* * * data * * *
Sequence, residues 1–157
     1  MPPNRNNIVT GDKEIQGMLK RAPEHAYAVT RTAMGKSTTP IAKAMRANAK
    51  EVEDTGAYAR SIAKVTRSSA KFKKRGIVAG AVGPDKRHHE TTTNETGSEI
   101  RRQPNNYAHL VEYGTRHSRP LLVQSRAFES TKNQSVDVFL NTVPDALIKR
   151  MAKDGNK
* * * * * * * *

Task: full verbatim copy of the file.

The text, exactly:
Sequence, residues 1–157
     1  MPPNRNNIVT GDKEIQGMLK RAPEHAYAVT RTAMGKSTTP IAKAMRANAK
    51  EVEDTGAYAR SIAKVTRSSA KFKKRGIVAG AVGPDKRHHE TTTNETGSEI
   101  RRQPNNYAHL VEYGTRHSRP LLVQSRAFES TKNQSVDVFL NTVPDALIKR
   151  MAKDGNK